If you have a pond or lake nearby and a magnifying glass -- especially a powerful handlens -- some sunny morning, even if it's a cold one, you should go to the pond's edge where decaying vegetation meets the water, lie on your stomach, and look very closely at the transition zone between the water and land.

Here you should see multitudes of tiny, dustlike items on the wet vegetation and on the water's surface. If you focus on just one of these miniscule things, it well may surprise you by simply vanishing in less than a blink of the eye. It'll be there one instant, then suddenly there'll be nothing but air.

The deal is that you are seeing a miniscule insect known as a Globular Springtail. Each springtail bears below it a bizarre springlike mechanism that, when sprung, bounces the creature out of view faster than the eye can follow and the mind can register. In general, Globular Springtails look like aphids, just much smaller. The larger ones are gray-cream colored but the smaller ones are quite pink. Some are so tiny that surely have just hatched, yet even they can spring.

Some 6000 species of springtail are known worldwide. I don't know which species or even which genus ours is, but it's in the family Sminthuridae. Keeping in mind that these critters are only about a hundredth of an inch long (0.25 mm), you can see some much magnified pictures along with diagrams of springtail anatomy at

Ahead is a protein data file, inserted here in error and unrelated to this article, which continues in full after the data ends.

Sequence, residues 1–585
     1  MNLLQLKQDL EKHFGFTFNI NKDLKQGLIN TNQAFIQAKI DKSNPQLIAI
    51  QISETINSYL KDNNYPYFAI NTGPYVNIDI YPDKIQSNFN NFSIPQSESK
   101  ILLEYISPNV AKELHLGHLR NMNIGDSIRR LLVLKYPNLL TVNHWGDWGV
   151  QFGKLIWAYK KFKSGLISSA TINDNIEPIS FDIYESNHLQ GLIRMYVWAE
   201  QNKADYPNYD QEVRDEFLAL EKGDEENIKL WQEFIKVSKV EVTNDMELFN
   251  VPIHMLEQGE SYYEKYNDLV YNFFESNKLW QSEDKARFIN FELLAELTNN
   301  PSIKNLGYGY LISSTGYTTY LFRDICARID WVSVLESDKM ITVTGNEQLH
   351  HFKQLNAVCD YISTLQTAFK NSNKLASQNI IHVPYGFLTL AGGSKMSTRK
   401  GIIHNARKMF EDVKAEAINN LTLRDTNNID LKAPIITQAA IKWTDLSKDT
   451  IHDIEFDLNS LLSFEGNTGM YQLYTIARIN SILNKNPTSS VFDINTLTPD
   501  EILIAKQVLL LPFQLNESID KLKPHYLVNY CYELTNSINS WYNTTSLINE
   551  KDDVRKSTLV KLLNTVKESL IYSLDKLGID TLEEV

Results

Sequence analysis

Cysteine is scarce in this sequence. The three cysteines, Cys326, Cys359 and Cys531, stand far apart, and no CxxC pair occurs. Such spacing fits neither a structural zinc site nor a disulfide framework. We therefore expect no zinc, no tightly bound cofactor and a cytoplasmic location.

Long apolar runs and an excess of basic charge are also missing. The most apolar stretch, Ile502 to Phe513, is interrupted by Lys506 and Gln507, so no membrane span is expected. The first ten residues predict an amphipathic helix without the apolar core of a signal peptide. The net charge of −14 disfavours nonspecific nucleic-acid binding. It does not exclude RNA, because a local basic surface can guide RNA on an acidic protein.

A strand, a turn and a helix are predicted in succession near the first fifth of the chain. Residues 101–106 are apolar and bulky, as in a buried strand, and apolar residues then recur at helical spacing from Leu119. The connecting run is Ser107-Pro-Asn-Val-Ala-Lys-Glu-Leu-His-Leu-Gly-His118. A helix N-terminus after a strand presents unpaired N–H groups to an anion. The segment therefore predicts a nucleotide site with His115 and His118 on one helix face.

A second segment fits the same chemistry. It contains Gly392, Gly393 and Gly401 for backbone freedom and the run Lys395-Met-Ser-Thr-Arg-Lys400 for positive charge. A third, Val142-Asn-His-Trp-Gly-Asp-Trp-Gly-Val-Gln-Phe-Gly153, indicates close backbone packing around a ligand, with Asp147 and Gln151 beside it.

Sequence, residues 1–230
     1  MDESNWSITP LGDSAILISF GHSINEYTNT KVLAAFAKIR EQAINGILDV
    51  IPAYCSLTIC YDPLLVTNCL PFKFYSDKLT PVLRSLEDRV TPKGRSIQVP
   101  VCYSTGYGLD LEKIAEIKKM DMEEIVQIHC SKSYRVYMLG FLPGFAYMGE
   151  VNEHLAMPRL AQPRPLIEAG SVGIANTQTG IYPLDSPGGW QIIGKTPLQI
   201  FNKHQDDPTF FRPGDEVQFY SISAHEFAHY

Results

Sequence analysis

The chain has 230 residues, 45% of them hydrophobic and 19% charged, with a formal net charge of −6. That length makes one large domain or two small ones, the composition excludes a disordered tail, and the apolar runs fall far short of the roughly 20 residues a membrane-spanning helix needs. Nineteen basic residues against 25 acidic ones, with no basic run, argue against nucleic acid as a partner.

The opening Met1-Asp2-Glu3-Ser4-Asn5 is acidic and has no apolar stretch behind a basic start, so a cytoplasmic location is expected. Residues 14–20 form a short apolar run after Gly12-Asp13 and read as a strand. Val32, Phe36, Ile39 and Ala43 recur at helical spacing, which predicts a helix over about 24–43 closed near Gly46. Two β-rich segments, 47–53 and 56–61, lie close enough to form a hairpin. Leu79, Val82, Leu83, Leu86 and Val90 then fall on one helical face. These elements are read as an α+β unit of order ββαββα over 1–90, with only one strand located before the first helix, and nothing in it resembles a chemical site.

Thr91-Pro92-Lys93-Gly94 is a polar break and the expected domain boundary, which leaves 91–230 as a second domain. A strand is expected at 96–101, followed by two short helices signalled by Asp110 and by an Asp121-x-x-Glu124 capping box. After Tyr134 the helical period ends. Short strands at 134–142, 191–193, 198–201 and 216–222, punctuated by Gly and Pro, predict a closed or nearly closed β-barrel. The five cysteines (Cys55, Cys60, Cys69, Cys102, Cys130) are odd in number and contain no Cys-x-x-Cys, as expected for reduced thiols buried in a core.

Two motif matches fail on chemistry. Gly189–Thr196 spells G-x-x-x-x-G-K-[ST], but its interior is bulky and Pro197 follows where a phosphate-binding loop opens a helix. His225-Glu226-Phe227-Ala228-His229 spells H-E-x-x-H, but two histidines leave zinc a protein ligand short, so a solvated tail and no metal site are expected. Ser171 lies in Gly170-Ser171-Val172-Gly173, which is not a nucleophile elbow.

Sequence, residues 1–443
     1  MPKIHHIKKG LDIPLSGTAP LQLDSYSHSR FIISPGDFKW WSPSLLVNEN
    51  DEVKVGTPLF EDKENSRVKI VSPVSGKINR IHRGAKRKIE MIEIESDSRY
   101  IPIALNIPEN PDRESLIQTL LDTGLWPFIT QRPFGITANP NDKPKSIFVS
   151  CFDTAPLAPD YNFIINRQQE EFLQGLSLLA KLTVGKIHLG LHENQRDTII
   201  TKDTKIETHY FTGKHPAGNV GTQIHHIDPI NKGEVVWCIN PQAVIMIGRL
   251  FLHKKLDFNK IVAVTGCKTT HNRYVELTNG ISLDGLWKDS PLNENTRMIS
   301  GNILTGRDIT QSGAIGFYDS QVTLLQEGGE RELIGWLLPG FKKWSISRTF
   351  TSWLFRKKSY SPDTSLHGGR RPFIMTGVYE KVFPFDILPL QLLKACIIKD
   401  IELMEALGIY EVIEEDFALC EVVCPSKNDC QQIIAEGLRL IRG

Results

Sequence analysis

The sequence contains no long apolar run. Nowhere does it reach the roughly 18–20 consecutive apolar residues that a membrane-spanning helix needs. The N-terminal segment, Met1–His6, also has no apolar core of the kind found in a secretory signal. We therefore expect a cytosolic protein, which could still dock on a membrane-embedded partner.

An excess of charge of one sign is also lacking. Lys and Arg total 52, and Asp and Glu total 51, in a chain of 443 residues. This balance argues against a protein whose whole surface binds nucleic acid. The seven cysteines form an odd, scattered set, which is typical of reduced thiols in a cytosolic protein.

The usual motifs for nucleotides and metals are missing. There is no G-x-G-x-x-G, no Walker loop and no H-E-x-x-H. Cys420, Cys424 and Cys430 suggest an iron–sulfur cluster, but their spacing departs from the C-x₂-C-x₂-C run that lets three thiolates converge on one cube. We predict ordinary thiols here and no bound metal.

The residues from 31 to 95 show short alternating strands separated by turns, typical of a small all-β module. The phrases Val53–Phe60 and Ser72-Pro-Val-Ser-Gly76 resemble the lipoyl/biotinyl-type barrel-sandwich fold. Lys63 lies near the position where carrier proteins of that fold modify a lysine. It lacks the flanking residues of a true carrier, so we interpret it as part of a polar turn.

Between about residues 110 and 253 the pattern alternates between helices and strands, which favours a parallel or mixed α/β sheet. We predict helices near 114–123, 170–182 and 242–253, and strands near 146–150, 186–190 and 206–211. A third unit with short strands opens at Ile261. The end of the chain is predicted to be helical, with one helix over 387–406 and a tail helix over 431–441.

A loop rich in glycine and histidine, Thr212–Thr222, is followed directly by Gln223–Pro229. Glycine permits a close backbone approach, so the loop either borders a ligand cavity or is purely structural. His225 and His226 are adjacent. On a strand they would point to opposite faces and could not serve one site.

Springtails are "living fossils." They evolved during the Devonian, 400 million years ago, long before there were dinosaurs and flowering plants or any kind of winged insect. When the first amphibians were just pulling themselves onto land, springtails were there to meet them. You can see some of this primitiveness in their life history. Instead of going through complete metamorphosis (egg-larva-pupa-adult) like modern insects such as butterflies and bees, freshly hatched springtails look just like adults, except smaller. Also springtail bodies have fewer abdominal segments than any other insect type.

During my springtail watching I often see two springtails head-to-head, one of them quiet and the other doing all the springing. I read that during courtship "the female carries the male balanced on her head," and I'll bet that that's what is going on.

Sringtails can exist in incredibly high population densities, even in cold weather -- even on snow, I've read!. At the pond's edge, if you have some springtails before you, draw back a little, blow a sharp puff of air over the vegetation, and you may see a veritable cloud of springtails springing, like a puffed-up cloud of dust. THOUSANDS and thousands of springtails... Whole springtail metropolises disrupted with a single puff!

The world of springtails is just another of those myriad worlds around us we don't even know exist until we make the effort to find them.